Yesterday was sunny and gorgeous, so I decided to harvest the basil and make a mega-batch of pesto. We filled a huge basket--clipping the plants roughly in half, so there's even more to harvest, but I ran low on garlic and olive oil and had to stop after one basketful. Picked off the leaves, washed them in the salad spinner, then tossed them into a cotton pillow case to blot them dry--it worked! I made several batches, spooning each one into a separate ziplock bag, pressing out all the air, smoothing each bag flat in the bottom of the freezer. Once frozen, they stack neatly in the door.
And I saved a big batch for dinner--chicken with pasta & fresh pesto. Delicious.
I wish I had room to grow basil indoors over the winter. Should have started some "spicy globe" plants in pots last month. I wonder how they'd fare on a sunny windowsill?
Clipped cuttings this morning from several coleus plants: these root in jars of water on the kitchen windowsill, and with any luck I can keep them alive all winter to have a head start next spring--some of the coleus in our garden has been propagated this way for three or four years now--same plant, new cuttings, year after year.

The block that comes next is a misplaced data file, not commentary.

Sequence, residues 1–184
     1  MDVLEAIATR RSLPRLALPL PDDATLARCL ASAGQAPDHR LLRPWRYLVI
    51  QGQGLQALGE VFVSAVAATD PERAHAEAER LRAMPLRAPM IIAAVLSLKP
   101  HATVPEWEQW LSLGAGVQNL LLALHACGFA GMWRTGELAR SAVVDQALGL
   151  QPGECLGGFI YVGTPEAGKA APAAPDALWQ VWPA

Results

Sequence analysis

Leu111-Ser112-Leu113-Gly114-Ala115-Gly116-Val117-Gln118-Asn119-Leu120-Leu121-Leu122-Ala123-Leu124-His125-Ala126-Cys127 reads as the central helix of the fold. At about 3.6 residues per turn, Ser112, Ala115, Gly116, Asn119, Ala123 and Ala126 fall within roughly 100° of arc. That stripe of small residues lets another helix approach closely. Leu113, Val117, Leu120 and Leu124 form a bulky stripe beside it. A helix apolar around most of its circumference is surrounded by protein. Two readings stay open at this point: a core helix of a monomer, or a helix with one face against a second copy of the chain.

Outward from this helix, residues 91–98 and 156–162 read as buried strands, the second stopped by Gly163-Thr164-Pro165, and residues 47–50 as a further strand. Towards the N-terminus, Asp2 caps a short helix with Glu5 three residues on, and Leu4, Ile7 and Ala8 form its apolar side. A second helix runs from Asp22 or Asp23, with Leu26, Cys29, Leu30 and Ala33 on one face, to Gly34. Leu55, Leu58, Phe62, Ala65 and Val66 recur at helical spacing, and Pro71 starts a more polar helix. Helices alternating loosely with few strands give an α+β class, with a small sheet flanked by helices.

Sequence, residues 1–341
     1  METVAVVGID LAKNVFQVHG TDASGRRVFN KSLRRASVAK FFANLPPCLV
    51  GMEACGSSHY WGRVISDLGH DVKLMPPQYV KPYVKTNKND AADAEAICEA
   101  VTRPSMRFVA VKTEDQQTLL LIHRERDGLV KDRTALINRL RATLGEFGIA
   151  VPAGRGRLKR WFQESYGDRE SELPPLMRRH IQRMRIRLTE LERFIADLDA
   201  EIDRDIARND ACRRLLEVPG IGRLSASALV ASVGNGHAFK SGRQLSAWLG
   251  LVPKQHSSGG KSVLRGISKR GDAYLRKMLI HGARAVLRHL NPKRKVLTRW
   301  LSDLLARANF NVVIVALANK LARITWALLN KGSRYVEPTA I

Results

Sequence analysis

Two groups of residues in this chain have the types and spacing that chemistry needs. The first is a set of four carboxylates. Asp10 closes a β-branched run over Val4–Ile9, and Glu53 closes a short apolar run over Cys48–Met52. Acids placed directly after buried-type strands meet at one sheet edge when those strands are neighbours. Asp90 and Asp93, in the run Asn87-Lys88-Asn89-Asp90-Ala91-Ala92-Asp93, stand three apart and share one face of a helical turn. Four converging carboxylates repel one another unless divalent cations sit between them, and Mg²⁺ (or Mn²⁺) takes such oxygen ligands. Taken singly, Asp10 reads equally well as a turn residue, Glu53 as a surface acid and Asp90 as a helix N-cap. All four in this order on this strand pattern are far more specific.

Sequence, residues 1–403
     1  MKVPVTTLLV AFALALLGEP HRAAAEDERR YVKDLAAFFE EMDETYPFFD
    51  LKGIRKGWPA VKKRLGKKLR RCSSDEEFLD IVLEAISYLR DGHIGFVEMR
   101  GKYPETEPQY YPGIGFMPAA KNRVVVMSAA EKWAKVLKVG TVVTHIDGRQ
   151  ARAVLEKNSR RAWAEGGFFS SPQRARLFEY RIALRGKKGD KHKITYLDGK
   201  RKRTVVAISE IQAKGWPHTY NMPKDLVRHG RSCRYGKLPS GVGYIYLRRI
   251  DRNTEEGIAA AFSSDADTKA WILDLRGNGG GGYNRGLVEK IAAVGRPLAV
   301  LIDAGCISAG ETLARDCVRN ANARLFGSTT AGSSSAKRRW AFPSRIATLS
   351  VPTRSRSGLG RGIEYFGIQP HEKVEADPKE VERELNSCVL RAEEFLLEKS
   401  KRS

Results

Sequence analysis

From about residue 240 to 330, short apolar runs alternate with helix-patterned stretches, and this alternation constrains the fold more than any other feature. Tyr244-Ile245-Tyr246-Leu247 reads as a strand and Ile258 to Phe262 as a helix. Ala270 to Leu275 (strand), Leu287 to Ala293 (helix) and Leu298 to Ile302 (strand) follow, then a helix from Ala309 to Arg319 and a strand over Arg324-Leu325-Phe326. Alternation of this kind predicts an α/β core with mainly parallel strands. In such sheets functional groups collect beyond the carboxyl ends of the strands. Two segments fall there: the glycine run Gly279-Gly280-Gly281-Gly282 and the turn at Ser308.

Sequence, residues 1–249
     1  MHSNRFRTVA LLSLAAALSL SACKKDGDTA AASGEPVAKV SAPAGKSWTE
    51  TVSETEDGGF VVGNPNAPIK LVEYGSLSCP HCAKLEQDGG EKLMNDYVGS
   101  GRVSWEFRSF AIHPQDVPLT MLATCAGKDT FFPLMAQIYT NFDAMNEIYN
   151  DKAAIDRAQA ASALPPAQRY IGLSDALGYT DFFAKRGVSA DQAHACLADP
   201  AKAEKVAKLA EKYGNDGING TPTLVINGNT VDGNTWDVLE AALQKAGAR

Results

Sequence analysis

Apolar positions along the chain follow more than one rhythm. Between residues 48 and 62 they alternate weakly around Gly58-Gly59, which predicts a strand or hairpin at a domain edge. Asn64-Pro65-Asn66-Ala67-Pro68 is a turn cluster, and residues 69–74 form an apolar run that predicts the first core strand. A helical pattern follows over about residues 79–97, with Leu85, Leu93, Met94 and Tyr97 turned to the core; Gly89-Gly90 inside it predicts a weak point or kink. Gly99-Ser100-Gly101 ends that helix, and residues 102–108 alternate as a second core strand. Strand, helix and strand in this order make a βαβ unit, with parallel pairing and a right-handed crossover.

And this is the time of year when I filch coleus cuttings from the neighborhood. Temperature has been dropping into the low 40s, maybe upper 30s the other night, so the plants won't last much longer outdoors. I mentioned this once to a visiting poet as I drove her back to her B&B--it was late September and I had noticed a beautiful leafy coleus plant in the window box--and she exclaimed: "But that's green theft!" Very affronted, she was. (Yes, dear, it is, but in two days it will be frozen mush, and this way a small bit of that lovely plant gets a chance at making it through the winter.)
I could ask permission, I guess. --Nahhh.
Boyer Rickel, Musick's Hand-Maid
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